THE Scottish Fire and Rescue Service is looking at ways to cut the number of fires being started in locations such as Calais Muir Woods.

The issue of deliberate blazes in the woodland area was brought up by Councillor Cara Hilton during an update by the service for members of the City of Dunfermline area committee.

She expressed concern at the number of instances which had taken place.

"One of the challenges we face is fire-raising in Calais Muir Woods. Is there any specific strategy to help us tackle this issue that seems to be escalating?" she asked.

Group commander Alistair Topp told committee members that work was already under way to try to address the problem.

"Our community action team has already made contact with the police in the Dunfermline area and they will look at some engagement activity to reduce the number of calls as well as education of a number of individuals who may be loitering around that area," he said.

"We are starting to get back in to schools to speak about deliberate and wildlife fire-setting. We also have plans with community actions teams for up and coming activity."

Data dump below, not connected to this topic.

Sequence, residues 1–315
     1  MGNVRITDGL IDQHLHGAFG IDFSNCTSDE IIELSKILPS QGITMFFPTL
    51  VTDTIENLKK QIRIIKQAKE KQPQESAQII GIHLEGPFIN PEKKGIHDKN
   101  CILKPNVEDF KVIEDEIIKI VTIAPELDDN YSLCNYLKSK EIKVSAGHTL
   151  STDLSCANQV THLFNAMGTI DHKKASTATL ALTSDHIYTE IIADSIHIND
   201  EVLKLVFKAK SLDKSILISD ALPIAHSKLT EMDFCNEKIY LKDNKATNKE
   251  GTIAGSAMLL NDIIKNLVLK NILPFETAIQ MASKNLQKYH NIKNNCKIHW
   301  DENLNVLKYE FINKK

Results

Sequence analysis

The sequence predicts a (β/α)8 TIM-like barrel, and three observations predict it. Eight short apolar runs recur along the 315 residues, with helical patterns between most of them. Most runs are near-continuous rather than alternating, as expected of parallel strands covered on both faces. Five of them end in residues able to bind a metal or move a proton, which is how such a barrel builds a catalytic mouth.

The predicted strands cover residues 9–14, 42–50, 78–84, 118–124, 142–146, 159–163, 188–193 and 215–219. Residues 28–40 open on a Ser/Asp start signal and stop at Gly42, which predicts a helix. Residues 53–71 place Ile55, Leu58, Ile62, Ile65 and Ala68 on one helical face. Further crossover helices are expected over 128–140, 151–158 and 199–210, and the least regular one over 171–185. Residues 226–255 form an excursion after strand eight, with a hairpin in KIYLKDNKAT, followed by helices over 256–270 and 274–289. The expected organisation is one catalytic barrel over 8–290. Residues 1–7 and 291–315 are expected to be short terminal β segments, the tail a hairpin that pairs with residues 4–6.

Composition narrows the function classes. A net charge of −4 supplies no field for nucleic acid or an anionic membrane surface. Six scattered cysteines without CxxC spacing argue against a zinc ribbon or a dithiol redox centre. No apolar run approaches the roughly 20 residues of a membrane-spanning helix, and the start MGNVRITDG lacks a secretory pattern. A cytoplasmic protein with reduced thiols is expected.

A report to councillors summarising figures for the City of Dunfermline area revealed that the number of accidental house fires went up by 12.5 per cent last year with 27 incidents compared to 24 the previous year.

There were no accidental dwelling fire deaths, however, the number of casualties went up by 73 per cent to 19.

The number of deliberate primary fires went up by two to 26 while the number of deliberate secondary fires was up by six to 79.

The number of non-domestic building fires recorded was 10, down 90 per cent from the previous year. A total of 40 per cent of these incidents involved garden sheds, with 60 per cent being due to naked flames.

The number of unwanted fire alarm signals caused by automatic fire alarms in non-domestic buildings was up by 26 per cent to 235 with hospitals, care homes and schools making up 44 per cent of these calls.

The number of road traffic collisions during 2021/22 was 15 – six more than last year and 18 per cent above the four-year average.

There were no fatal road traffic collisions last year but there were 13 non-fatal casualties which was an increase of eight compared to the previous 12 months.

Group Commander Topp said the rise in collisions – and the increase in unwanted fire alarm signals – was a result of a return to "normal" following the pandemic.

"People are getting back on the roads," he explained. "The unwanted fire alarm signals, there has been an increase of 151 over the same period last year. This is most likely down to businesses opening back up again."

Committee convener, Councillor James Calder, paid tribute to the work of fire crews.

"I would like to pass my thanks to the fire service locally," he said. "It is really nice to see some of the community engagement that is being done as well."